Ruby Grey explains how the Internet of Things (IoT) will drastically transform how we do business
There's a lot of apprehension surrounding automation. Many believe that, through automation, IoT technology will replace jobs. In reality, the opposite is more likely. Automation doesn't exactly kill jobs—it makes jobs easier. Because there is less human involvement, there will be an increase in productivity and reduced costs. After all, machines don't need days off, and they are capable of working round the clock without issue.
The human employees can then focus on increasing the quality and flexibility of products and services since much of the low engagement work is being carried out by robots or other automated machines. There will be fewer flaws and mistakes too, as items will be accurately produced to meet cdrequired standards. This will cause businesses to re-examine their workforce and how best to use their human capital.
The spread of IoT technologies should provide a much-needed economic stimulus after the pandemic subsides. This, rather than killing jobs, will help businesses recover and create new jobs―albeit jobs that will require new skills and training.
Supply chain management
Logistics management is one of the trickiest parts of the supply chain since it involves a lot of factors, but IoT technologies are here to streamline the process. With devices like GPS monitors, there will be greater transparency and accountability, as these things can track everything from a shipment's location to its current temperature. Up-to-the-minute facts are provided, and all stages of a shipment's chain of custody can be mapped and verified through the use of IoT data and device check-ins.
Moreover, inventory control will also vastly improve. Advanced IoT sensors can take care of this crucial part of warehouse and supply chain management by automatically tracking and analysing inventory positions and stock levels, allowing supply chain professionals to create an accurate and real-time inventory tracking system. There will be precise visibility into the flow of goods, and inventory managers will be able to tackle order fulfillment and replenish stocks much more efficiently.
Furthermore, ‘blockchain’ (another AI-derived technology) offers the prospect, as the technology matures, of removing the need for intermediaries in logistics management. This technology can allow transactions to be verified, recorded, and coordinated autonomously without third parties, eliminating an entire layer of complexity from global supply chains. Blockchain can create a complete, transparent, tamper-proof history of the information flows, inventory flows, and financial flows in transactions.
Communications and 5G
One of the most revolutionary technologies now being rolled out is 5G or fifth-generation wireless technology, a new, faster network that allows for quicker download speeds, lower latency, and more capacity and connectivity for a slew of devices. In their example of how this new technology will be superior, Verizon Connect’s feature on the IoT details how 5G-ready devices can download a full HD movie in under 10 seconds, compared to minutes over 4G. Thanks to the much-improved speed, experts predict that the technology will be adopted by many businesses at a global scale.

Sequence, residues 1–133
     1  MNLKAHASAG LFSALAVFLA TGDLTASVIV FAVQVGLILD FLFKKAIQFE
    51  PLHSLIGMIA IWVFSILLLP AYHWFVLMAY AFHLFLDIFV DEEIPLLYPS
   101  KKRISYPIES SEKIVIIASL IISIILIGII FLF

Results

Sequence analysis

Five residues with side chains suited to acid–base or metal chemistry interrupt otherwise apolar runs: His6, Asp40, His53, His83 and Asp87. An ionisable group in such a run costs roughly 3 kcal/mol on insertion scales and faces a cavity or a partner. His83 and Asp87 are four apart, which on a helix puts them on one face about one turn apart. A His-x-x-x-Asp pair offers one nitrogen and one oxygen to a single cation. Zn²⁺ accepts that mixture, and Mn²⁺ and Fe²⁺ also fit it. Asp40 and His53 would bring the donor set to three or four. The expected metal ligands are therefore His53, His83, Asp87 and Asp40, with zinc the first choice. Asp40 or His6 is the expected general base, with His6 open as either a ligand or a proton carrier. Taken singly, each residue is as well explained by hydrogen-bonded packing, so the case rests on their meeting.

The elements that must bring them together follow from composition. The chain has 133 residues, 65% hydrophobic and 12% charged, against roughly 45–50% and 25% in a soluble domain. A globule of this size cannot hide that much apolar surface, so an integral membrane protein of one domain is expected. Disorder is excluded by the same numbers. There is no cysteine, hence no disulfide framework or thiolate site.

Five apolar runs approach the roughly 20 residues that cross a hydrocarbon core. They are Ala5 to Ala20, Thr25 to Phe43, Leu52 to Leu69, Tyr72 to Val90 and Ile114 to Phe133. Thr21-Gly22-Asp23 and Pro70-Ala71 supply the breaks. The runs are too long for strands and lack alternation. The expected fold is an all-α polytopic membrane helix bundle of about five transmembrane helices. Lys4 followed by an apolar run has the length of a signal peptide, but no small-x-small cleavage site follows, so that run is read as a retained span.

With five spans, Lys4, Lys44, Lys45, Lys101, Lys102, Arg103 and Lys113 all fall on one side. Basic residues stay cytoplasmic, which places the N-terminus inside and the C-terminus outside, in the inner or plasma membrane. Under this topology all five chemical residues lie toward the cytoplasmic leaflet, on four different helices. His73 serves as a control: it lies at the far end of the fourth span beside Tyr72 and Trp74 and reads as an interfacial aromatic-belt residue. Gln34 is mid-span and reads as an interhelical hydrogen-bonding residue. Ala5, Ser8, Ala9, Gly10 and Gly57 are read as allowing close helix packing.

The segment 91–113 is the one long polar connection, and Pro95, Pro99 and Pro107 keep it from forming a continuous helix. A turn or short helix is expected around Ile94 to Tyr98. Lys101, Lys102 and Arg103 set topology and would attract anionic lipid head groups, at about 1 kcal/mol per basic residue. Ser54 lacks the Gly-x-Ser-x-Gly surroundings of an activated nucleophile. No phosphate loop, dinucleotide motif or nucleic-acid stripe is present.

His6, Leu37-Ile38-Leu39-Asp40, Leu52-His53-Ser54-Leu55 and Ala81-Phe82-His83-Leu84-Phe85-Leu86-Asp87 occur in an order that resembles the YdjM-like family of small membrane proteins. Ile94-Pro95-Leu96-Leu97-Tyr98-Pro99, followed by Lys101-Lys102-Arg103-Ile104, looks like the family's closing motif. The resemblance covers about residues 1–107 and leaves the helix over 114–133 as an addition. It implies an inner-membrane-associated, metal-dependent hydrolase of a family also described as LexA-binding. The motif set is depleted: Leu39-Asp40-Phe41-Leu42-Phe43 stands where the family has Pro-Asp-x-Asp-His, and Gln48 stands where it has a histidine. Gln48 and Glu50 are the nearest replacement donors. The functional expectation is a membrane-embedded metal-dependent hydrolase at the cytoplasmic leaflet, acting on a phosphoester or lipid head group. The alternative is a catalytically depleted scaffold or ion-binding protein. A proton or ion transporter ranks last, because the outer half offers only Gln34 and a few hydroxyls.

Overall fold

5G’s rollout in the UK will have a huge impact on how businesses communicate and share data. Managing director of Bruntwood SciTech in Birmingham Dr David Hardman MBE believes 5G will be an “enabler for superior data management, which influences our daily lives”. He pointed to how the faster connection speeds will lead to more autonomous machines such as smart vehicles and robotics. Vehicles will be able to send and receive data through the IoT from other vehicles and streetlight-mounted cameras, making supply chain businesses much more streamlined. As for communications, 5G's greater network efficiency will make communication much easier, while the latency will improve response times. This will allow many devices and machines to be connected over one IoT network.
The Industrial Internet of Things (IIoT ) is defined by Wired as networked sensors and intelligent devices used directly on the manufacturing floor, aiding in the collection of data to drive artificial intelligence and predictive analytics. Given that the sensors are attached to physical assets, they'll be able to collect data, store it wirelessly, and then use analytics and machine learning to take action.
IIoT can be a game-changer when it comes to improving operating efficiencies. For instance, if a machine goes down, the connected sensors will be able to identify the issue and trigger a service request. Even better, it can also help the manufacturer predict when a machine will break down or reach a dangerous operating condition before it's too late.
The IoT and IIoT are set to change business in the UK and across the globe. And with 5G being further rolled out this year, these changes will happen in the near future. As with any big technological advance, there is understandable anxiety, and the technologies definitely present many challenges―technical issues related cyber security and human issues around skills training a redeployment. But despite these challenges, IoT technology will not only make people's lives easier but will help stimulate business recovery and drive further growth.
© Ruby Grey, freelance business writer. Exclusively published by IEDP.
Ruby Grey is a business analyst and a proud mom of two. She is deeply interested in all things digital and technology. When she's not researching for the latest trends, you'll find her playing video games with her children.